“By moving exclusively to WebM, our datacenters will emit 40% less carbon, keeping our planet happy! Additionally, uploaded videos will be ready sooner!”
Do you expect companies like Netflix, Amazon, Vimeo, Major League Baseball, and anyone else who currently streams H.264 to dual-encode all of their video using WebM? If not, how will Chrome users watch this content other than by resorting to Flash Player’s support for H.264 playback?
Flash as an interim solution. Maybe WebM will take off enough for dual-encoding, or maybe it won’t. Like Jobs, they’re certainly willing to try jettisoning direct support for things they don’t like.
Who is happy about this?
Anyone who thinks that the proliferation of patent-encumbered standards are bad for the Web, and anyone who thinks that you shouldn’t have to pay anyone one thin dime in royalties to get your message out on the Internet, and nobody else has to do so on your behalf, either.
I suspect there’s at least some overlap between the people who’re cheering on Google’s H.264 support drop and Apple’s Flash support drop. Not because they’re necessarily fans of either Google or Apple, but because they think H.264 and Flash are grotesquely popular piles of poo.
In the BOSU manual, the first section deals with balance exercises. Most of these involve standing on the BOSU and then doing additional things to make this more difficult, such as head movements, arm movements, or closing the eyes.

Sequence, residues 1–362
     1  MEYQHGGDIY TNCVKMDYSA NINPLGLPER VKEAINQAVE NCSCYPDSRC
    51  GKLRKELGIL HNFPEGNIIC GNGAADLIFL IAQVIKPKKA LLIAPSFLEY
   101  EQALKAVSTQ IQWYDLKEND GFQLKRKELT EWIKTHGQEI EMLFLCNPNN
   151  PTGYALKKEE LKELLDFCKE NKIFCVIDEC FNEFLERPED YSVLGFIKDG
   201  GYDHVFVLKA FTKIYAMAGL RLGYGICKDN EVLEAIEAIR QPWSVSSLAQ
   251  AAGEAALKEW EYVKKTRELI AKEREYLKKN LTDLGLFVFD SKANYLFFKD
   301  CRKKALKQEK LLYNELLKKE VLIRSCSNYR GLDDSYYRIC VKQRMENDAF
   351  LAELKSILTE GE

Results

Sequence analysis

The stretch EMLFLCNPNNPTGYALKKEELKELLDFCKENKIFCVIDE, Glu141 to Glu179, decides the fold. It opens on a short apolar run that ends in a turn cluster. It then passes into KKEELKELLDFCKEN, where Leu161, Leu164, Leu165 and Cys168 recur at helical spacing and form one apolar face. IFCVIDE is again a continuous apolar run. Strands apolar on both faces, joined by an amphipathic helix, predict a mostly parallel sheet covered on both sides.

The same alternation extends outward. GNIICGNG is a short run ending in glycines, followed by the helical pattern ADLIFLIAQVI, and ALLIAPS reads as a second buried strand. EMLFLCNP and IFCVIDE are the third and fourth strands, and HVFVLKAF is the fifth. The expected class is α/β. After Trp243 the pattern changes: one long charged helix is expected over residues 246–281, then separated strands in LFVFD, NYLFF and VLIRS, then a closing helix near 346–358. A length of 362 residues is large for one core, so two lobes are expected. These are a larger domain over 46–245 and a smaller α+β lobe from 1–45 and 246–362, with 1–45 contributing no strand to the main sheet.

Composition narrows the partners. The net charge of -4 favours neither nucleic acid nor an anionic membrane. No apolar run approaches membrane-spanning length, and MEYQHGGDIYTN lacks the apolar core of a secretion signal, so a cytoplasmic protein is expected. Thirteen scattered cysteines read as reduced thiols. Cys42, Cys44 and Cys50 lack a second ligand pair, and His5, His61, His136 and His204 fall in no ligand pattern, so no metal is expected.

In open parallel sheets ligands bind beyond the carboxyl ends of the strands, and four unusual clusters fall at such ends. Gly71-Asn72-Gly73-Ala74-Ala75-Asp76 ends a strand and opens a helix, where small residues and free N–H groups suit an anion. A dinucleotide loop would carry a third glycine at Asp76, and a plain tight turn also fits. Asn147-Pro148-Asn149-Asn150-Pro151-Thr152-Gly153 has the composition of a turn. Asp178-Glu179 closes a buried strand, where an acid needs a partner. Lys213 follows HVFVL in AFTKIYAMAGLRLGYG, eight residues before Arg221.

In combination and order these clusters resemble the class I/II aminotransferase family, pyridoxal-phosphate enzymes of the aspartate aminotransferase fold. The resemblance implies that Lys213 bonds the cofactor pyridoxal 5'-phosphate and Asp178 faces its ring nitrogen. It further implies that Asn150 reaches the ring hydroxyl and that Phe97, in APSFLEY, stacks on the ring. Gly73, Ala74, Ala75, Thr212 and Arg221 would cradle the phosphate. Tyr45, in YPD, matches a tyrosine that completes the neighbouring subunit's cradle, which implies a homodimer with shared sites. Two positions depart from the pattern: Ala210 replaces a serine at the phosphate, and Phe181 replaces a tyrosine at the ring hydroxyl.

While the manual has a number of decent exercises in it, it doesn't go into all the possible variations for space reasons. What I didn't bank on was that some of these variants lent themselves to better, more memorable colloquial names than one would expect.
The most basic involve raising and lowering both arms, straight up and down, in front of the body:
- Two-armed headcrab zombie slash
- Raise and lower both arms together.
- Raise and lower both arms antisynchronously—when one is raised, the other should be lowered.
Others involve rotating the arms in front of the body:
- Floral Arrangement Fluffer
- rotate the left arm counterclockwise and the right arm clockwise. Do this synchronously—when one arm is on the inside loop, the other should be, too.
- Danger, Will Robinson!
- Rotate the left arm clockwise, right arm counterclockwise. When one arm is at the top of its loop, the other should be on the bottom.
That said, nowadays I spend most of my stand-on-a-BOSU time watching TV shows and am less inclined to make large arm movements except during the boring parts.
I was thinking about an old Onion clip that simplified NASCAR to its core mechanic—drive fast and turn repeatedly. This, of course, can be further abstracted to “press accelerator and turn wheel”. Then I started to think about other pastimes that can be simplified such…
Space space; click click.
Click click click click wait.
Click and hold.
Click, press 3, click.
Click click click click wait.
Click click click right-click.
Click and hold.
Press number keys. Click click click click click click click click click. Then, click click click click click click click click.
Repeat three times.
Click and hold. Right-click 40 seconds later.
Press number keys. Click.
|colleague||My strongest critique of the CS department is they've removed too much of the physical element from the classes.|
|me||like, having students hold hands in class to teach red-black trees for the kinesthetically inclined?|